— At home, in Oklahoma, I drift around my house in shock. My numb state surprises me – I had always presumed I would feel relief. But I don’t. Late at night, I call the hospital in central France. No one speaks English. I try several days in a row until someone takes pity on my situation and puts me through to a woman who can understand what I am asking. She provides me with some information and a promise that a doctor in oncology will email me. Her mention of oncology unnerves me. Almost every member of my family has died from a stroke or some related complication. Cancer has never been a cause of death before. — Halfway through my summer job placement in North Carolina, I got an email from a cousin telling me I must call home. I ignored it. A second message said it was an emergency. I did nothing. Follow-up emails begged me. Finally one said: Your father has been arrested. I still waited a couple of days before I called. I explained that I had been unable to access my inbox. Password troubles. There was doubt in the woman’s voice. She demanded that I come back to England. I demurred, then told her that I would think about it. —



I contact a notaire to deal with my father’s estate. I wait for days for a reply. I stress over how I am going to deal with his house, his bills, his pension. Where do I even start? Then I think about the location of his body: is it at the hospital morgue or someplace else? Would it have decomposed by now? I find a friend on social media who is fluent in French. She makes some inquiries on my behalf. Finally, I hear from a counselor at the hospital. She tells me of my father’s death; his fall in his house, his metastatic cancer, his refusal of treatment. She explains that his body was cremated and the remains shipped back to a relative in England. She puts me in contact with the English solicitor handling his estate. — After my father’s arrest, I never saw him again. My relatives did and they forgave him in time. I could not. He was a drunk and a bully and, I suspected, a recidivist. I returned to the US for graduate school and then a job. I turned my back on England and the relatives still friendly with my father. I was happy with my new life: my girlfriend and my writing career, such as it was. I had no reason to return to my homeland. —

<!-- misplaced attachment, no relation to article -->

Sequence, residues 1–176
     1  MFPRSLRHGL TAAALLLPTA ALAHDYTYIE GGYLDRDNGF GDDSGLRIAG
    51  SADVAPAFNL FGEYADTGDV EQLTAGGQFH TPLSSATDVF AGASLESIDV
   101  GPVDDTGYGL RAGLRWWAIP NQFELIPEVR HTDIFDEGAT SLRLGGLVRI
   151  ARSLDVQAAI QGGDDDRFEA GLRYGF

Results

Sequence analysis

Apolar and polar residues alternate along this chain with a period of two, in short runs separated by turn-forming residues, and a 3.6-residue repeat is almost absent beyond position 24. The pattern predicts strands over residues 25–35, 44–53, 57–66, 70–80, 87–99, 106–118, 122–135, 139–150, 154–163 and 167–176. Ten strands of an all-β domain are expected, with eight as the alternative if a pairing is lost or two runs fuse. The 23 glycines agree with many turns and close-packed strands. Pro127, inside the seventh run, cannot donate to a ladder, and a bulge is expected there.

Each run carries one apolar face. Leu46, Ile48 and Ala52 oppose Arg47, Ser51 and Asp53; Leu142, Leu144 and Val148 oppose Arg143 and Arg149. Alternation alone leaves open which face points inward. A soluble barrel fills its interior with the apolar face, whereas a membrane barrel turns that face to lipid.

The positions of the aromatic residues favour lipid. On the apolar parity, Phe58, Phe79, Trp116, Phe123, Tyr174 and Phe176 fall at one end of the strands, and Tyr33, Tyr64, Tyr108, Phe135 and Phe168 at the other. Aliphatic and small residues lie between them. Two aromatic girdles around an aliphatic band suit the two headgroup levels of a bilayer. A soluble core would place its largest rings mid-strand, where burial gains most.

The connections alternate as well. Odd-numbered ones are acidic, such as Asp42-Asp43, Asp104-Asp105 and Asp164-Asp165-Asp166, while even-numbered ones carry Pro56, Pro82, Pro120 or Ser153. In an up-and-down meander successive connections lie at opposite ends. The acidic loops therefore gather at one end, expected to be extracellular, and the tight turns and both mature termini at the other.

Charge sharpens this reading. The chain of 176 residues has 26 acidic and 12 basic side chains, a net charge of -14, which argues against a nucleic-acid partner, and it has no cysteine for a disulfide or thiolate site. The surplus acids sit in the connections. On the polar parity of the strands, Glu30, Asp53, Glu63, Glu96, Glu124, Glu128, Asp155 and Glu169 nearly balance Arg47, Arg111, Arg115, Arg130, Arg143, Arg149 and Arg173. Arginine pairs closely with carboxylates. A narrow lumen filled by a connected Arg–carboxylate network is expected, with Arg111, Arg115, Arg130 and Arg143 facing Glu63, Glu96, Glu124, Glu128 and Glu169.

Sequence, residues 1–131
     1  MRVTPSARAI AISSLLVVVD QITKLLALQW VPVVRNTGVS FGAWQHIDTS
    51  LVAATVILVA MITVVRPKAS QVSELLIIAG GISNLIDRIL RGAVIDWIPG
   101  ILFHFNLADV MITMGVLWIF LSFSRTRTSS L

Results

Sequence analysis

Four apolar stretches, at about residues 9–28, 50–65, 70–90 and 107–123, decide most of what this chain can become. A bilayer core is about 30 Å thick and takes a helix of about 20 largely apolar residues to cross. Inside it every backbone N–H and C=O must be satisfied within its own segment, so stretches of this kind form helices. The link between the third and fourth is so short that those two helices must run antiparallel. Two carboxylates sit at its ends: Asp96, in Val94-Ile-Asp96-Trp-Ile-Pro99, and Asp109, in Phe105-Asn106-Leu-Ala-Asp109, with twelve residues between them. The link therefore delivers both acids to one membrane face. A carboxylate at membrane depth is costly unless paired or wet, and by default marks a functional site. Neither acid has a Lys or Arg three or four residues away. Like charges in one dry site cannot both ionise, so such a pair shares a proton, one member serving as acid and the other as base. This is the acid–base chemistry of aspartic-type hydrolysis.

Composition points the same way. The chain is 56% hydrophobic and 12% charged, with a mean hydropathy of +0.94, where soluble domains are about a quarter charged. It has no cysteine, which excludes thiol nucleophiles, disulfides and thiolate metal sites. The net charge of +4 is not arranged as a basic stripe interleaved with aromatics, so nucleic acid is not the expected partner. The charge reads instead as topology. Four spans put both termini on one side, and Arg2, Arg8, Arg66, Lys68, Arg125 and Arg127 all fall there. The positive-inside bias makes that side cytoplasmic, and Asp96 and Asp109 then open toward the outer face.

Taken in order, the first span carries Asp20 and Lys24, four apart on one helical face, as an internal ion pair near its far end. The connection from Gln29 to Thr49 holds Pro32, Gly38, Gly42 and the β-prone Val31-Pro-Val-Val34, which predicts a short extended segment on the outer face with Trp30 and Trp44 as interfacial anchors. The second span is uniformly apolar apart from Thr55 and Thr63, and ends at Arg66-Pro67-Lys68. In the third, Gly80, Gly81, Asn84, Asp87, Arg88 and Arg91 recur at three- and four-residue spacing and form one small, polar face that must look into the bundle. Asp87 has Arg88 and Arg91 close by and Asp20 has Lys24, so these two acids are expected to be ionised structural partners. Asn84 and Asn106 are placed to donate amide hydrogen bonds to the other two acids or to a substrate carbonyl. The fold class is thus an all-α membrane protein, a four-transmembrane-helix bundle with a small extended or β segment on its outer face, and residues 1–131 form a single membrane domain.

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My father left me nothing in his will. Though he lived in France, he disinherited me under English law. He left a letter with the solicitor that outlined his case for excluding me: I was estranged. Not him, but me. This was his attempt at revenge; he must have worked out I had sent the letter to the police. After all, I had refused to cut short my time in North Carolina all those years ago and few other people could have known what my father was downloading. — I own a single picture of my father. He wears a shirt and tie, a briefcase raised to shield his face. But you can see the discomfort in his eyes, his shock of unruly gray hair. A local news photographer took the shot as my father walked to the courthouse. The picture sits in the depths of my computer files. Hidden. Rarely looked at. Ready to be found by someone else.



In the Spotlight

by Susmita Bhattacharya